Common Questions

Do you accept insurance?

We accept Blue Cross Blue Shield PPO, Blue Choice and United Healthcare/Optum. However, if you have another type of insurance we can still work together. We can provide you with a bill that you may send into your insurance company with partial reimbursement. Please contact us to provide you with additional information about this.

Is there parking available at your office?

All el lines are within 1-2 blocks, and, there are two parking garages nearby at 60 E. Lake St. and 20 E. Randolph.

I tried therapy and didn't like it. How's this different?

Therapy varies depending on the personalities of the counselor and client, as well as the particular concerns brought forward. Sometimes the chemistry between the counselor and client or the counselor’s style or approach just isn’t a good fit. The relationship between the client and the therapist is of utmost importance. Therefore, we work to create a safe environment where open and honest communication is encouraged so that concerns or questions about treatment or the relationship can be addressed in session. This often benefits the therapeutic process and deepens the therapeutic relationship.

What can I expect from the first few sessions?

During the first and second session, we will gather information about what has brought you into therapy including your concerns, what you’d like to work on and information about your current and past emotional health and life history. This information helps us gain a deeper understanding about your situation, you as a person and how to best help you. As noted earlier, since it is important that clients feel comfortable with their counseling, we encourage clients to also use the first session as an opportunity to assess if this is a good fit for you as well.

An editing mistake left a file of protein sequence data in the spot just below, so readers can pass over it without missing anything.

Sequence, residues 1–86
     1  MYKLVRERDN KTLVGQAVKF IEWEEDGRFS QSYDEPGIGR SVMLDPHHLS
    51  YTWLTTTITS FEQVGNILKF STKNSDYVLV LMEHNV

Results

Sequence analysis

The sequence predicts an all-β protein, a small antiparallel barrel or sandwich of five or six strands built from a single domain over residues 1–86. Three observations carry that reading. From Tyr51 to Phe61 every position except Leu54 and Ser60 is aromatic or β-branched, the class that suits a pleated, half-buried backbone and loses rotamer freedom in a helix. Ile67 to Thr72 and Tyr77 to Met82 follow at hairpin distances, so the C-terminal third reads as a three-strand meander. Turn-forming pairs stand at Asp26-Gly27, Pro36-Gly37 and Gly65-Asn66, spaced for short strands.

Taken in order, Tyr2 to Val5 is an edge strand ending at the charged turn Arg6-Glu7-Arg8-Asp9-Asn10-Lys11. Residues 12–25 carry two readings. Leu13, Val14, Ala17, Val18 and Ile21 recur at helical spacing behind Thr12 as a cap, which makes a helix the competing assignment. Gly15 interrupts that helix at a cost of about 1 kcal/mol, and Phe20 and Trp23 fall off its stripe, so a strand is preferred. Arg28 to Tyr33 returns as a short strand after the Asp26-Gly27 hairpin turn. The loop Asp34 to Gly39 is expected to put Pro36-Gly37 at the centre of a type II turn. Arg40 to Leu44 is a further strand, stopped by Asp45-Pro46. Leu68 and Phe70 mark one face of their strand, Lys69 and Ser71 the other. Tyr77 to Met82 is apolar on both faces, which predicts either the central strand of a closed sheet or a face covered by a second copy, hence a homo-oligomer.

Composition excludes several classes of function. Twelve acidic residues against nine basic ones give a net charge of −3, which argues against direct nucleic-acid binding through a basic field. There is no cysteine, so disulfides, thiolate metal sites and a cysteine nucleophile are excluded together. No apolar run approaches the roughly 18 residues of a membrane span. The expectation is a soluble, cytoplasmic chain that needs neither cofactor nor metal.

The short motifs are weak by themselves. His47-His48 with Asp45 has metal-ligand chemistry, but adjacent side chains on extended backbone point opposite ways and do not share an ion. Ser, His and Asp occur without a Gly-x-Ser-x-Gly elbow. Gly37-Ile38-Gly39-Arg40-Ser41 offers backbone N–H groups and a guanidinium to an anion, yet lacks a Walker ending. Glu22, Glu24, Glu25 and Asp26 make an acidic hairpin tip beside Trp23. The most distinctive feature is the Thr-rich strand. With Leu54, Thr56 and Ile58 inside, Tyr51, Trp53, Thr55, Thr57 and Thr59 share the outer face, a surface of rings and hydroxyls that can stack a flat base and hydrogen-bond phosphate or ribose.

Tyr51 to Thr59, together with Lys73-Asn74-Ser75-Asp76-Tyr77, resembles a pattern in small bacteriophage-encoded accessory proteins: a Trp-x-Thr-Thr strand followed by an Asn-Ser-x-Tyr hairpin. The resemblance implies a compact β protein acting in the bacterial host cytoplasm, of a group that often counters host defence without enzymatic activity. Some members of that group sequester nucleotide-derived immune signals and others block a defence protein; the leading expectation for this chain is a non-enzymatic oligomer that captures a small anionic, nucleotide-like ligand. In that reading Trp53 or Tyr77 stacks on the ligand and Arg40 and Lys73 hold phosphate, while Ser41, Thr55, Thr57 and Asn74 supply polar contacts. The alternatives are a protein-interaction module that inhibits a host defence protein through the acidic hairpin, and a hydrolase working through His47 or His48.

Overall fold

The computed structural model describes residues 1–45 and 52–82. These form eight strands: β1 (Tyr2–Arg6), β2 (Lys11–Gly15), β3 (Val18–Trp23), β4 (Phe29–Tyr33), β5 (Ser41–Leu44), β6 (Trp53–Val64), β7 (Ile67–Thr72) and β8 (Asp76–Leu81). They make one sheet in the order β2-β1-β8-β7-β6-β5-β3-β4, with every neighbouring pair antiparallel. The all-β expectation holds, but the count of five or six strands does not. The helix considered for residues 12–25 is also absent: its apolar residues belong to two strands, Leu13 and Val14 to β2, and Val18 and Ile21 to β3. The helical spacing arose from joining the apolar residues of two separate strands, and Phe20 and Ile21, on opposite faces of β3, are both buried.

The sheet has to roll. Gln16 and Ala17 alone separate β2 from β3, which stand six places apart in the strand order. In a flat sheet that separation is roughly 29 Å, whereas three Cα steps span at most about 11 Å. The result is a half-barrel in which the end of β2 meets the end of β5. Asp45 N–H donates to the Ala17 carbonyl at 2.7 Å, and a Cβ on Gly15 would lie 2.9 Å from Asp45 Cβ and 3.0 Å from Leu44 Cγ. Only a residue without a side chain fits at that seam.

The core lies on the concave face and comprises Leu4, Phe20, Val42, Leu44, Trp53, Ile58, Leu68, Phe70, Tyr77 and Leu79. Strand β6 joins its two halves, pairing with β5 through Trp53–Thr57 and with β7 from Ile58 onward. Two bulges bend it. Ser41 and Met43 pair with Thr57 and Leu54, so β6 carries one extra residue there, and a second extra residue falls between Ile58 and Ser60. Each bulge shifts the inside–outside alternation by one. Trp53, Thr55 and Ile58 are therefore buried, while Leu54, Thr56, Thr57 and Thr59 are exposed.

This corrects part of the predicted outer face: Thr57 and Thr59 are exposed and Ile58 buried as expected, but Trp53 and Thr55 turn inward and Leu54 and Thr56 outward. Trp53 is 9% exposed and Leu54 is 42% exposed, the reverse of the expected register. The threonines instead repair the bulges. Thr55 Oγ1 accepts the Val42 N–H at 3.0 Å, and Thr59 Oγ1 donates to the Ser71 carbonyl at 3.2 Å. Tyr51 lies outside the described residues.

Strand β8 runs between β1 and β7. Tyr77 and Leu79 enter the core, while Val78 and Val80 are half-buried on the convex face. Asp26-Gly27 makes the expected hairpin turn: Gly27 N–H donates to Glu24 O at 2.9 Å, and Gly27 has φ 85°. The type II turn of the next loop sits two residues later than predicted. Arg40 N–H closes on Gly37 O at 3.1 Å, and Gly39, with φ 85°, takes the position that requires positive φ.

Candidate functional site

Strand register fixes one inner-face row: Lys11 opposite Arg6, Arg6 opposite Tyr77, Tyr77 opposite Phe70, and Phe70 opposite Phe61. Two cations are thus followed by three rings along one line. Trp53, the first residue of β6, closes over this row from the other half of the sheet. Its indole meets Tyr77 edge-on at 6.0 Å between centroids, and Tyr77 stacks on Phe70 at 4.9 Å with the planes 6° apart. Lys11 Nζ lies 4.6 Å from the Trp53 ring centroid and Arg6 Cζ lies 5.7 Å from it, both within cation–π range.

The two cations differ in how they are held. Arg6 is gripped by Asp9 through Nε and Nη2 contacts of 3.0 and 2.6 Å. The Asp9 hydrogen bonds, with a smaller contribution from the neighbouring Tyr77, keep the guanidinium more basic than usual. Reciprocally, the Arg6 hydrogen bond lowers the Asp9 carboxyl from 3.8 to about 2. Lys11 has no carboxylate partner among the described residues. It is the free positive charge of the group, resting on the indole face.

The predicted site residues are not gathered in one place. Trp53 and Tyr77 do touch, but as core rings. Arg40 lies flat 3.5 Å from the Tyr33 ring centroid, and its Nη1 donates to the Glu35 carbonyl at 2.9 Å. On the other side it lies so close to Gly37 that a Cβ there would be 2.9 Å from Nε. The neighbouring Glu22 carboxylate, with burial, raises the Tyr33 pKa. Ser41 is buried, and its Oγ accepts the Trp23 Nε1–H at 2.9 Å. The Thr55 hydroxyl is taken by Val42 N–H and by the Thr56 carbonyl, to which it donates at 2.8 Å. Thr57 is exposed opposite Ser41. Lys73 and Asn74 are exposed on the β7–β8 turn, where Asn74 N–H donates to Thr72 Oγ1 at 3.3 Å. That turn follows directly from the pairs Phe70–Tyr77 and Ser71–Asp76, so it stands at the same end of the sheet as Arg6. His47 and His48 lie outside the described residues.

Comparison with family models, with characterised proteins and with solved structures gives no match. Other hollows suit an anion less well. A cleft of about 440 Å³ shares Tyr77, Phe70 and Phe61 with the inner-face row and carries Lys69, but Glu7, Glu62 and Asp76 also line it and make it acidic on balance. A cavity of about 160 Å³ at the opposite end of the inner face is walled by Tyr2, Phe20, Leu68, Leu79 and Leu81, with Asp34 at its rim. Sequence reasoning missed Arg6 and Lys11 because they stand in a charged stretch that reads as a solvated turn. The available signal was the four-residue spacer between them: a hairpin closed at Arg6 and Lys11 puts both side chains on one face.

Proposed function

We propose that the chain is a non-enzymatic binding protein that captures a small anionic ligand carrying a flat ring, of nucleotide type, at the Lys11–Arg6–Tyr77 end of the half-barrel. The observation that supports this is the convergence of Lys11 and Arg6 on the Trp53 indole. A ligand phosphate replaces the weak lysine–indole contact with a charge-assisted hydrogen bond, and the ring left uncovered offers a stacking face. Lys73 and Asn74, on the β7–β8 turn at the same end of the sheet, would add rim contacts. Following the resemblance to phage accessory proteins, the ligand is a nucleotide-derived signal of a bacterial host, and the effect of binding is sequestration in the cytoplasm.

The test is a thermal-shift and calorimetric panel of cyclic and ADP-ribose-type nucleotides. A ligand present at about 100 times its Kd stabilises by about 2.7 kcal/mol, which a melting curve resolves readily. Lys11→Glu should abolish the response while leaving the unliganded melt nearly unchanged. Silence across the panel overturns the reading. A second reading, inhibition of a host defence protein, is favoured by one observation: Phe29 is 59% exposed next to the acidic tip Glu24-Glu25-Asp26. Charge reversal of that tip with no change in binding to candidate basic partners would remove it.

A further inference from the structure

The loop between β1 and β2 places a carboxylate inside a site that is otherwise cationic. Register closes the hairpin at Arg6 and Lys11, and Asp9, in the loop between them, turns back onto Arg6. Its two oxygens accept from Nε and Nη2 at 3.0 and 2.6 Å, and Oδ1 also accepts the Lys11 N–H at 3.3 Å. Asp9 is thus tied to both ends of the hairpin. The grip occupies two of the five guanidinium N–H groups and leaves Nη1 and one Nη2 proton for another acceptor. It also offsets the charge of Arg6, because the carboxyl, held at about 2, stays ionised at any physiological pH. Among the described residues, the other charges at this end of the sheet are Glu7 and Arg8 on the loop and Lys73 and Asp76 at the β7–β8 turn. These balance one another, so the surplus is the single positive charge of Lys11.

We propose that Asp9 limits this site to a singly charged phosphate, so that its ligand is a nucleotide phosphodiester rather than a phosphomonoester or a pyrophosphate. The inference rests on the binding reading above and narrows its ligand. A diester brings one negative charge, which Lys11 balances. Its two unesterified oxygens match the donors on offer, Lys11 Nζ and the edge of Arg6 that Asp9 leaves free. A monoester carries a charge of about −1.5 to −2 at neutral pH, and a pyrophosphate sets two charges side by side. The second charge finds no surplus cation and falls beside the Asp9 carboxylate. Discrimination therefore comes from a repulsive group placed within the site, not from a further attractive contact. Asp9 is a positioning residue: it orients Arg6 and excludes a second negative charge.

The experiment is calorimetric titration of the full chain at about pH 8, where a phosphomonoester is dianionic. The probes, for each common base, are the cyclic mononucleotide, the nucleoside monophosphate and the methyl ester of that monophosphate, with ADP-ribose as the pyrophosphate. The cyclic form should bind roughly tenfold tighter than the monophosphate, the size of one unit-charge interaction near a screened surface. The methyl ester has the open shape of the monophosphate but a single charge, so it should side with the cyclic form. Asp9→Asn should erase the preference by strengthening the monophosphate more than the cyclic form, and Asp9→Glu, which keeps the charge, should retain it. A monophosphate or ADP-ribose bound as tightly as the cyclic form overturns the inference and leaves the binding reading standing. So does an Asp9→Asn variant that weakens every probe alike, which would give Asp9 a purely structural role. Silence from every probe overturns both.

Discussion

What can I expect during a typical therapy session?

During therapy you will begin to discuss and share your feelings, thoughts, and reactions in order for you to begin to gain insight, develop new thinking patters, coping skills and overall improved quality of life. It is natural to feel uncomfortable about opening up at first but this process because much easier after a few sessions. Since self-growth is possible through commitment and work I will encourage you to practice the things you discuss and learn outside of session.

How long will I need to be in therapy?

The number of sessions needed is different for everyone depending on a number of factors including but not limited to your goals, severity or intensity of your concerns or symptoms, how long you’ve been dealing with your concerns, current levels of stress, and the progress you make towards reaching your short or long-term goals.

Is what I say in therapy confidential?

In general, all communications between a client and counselor are confidential and can only be released with the client’s written permission. However, there are some exceptions required by law to this rule. Exceptions include:

  • When there is a reasonable suspicion of child/dependent abuse or of an elder adult.
  • When the client communicates a threat of bodily injury to others.
  • When the client is suicidal.
  • When disclosure is required pursuant to a legal proceeding.